HONOLULU (KHON2) — Following the recent reports of stray cats found with blow darts in them — and some of them even mutilated — around the Schofield Army Barracks, one nonprofit is offering a $500 reward for information leading to the identification, arrest and conviction of the person(s) involved.
Jessica Halvorson, cofounder and vice president of Catopia Hawaii, has participated in TNR (trap, neuter, release) and rescue work on Schofield for approximately 10 years. During that time, she said the Army has ignored the root problem on their bases, and she wants to see change.
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“Military families are routinely getting away with abandoning animals when leaving,” Halvorson said. “This is why there are stray animals on the bases to begin with. Let me be clear, it isn’t every military family doing this. There are good ones, and I am a military wife.”
According to Halvorson, it isn’t uncommon for the military police to stop those involved in animal rescue from participating in trap-neuter-release efforts or trapping to get sick, injured or dying animals veterinary care.
“This recently happened to a volunteer, who had a military ID, when they were trying to trap one of the cats shot with an arrow so it could get veterinary care,” she said. “It is also a punishable offense for residents of the bases to help these animals by feeding them so they don’t starve.”
On Thursday, June 2, a cat named Katniss was brought to Aloha Affordable Veterinary Services to treat a blow dart wound. She is now recovering with a foster and will be transferred over to Popoki + Tea, a cat cafe in Kaimuki, at the end of the month to find her forever home.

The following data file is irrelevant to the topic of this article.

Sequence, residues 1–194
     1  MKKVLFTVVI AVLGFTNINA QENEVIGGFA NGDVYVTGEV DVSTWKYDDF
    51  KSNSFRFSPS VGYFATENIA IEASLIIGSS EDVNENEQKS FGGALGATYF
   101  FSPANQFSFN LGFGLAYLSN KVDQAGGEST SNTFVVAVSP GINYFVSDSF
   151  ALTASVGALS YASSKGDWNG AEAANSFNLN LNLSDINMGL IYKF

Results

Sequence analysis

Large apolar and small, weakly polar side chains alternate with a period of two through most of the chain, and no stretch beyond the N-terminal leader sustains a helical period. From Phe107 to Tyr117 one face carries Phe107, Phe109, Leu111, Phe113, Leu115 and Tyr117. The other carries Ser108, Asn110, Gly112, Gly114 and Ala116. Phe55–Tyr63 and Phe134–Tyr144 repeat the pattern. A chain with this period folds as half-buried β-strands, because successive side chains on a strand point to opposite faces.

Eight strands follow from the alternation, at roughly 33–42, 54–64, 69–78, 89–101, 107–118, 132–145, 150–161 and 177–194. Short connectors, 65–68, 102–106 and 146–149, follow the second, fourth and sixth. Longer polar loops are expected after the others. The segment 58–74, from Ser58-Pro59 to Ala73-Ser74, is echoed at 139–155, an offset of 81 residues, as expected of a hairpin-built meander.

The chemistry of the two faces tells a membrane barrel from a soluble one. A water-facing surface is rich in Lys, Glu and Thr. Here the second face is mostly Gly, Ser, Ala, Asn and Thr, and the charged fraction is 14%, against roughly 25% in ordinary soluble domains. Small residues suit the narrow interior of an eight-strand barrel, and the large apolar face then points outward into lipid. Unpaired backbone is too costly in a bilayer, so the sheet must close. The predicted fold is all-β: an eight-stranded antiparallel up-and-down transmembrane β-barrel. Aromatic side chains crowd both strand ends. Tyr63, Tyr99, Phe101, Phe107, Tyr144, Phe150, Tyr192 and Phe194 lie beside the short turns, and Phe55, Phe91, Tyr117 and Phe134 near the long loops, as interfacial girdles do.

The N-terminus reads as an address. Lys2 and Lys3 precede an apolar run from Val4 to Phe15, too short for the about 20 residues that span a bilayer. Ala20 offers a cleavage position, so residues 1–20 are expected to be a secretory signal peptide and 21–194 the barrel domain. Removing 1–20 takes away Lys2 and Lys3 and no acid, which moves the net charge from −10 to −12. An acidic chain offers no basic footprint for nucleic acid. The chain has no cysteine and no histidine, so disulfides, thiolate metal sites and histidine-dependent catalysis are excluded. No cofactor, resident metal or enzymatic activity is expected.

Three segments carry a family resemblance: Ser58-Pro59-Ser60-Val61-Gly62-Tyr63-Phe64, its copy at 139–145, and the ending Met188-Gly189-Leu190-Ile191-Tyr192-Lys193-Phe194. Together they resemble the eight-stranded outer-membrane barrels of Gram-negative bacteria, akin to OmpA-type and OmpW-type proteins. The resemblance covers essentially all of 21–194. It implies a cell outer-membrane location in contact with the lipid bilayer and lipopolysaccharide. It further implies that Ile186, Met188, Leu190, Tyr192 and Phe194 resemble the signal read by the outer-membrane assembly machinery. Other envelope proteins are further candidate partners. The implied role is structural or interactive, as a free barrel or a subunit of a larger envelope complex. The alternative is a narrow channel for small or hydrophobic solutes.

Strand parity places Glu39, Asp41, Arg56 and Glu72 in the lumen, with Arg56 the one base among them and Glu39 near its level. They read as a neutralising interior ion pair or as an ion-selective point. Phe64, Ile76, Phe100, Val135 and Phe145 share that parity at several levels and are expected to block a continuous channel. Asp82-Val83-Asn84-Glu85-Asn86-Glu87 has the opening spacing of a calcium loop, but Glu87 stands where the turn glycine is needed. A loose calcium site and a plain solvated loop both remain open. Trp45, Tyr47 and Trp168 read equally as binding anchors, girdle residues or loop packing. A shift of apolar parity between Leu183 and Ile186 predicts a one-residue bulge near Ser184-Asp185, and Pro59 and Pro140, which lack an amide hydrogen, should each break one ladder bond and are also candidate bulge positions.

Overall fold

“She still has some healing to do before she’s spayed in two weeks, and then she’ll need a few days to recover from that surgery,” said Liberty Peralta, founder and owner of Popoki + Tea. “We always have cats that need help finding homes and a lot of them come from unfortunate situations, with Katniss’ being the worst we’ve seen in a while. We expect Katniss will have no problem being adopted due to all the attention surrounding this case.”
KAT Charities, an Oahu animal rescue that first reported the incident, said there are still injured cats out there, including at least one with a blow dart in its head.
“The Army’s solution any time an abandonment or abuse case comes up is to simply sweep it under the rug and to step up ‘pest control’ efforts on base,” said Halvorson. “Considering there aren’t enough pest control agents to ever come close to eradicating the strays on base like the military wishes, organizations like Catopia Hawaii will continue to pick up the slack for their lack of accountability.”
She added that until the Army actually proves they don’t condone the mistreatment of animals by swiftly enacting harsh punishments for animal abuse and abandonment on base, animals will continue to suffer.
U.S. Army Garrison Hawaii told KHON2 on Thursday that it was just made aware of this incident and is initiating an investigation into these reports.
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Witnesses with first-hand information are asked to contact the Schofield Barracks Military Police at (808) 655-5555. To claim Catopia Hawaii’s $500 reward, email email@example.com.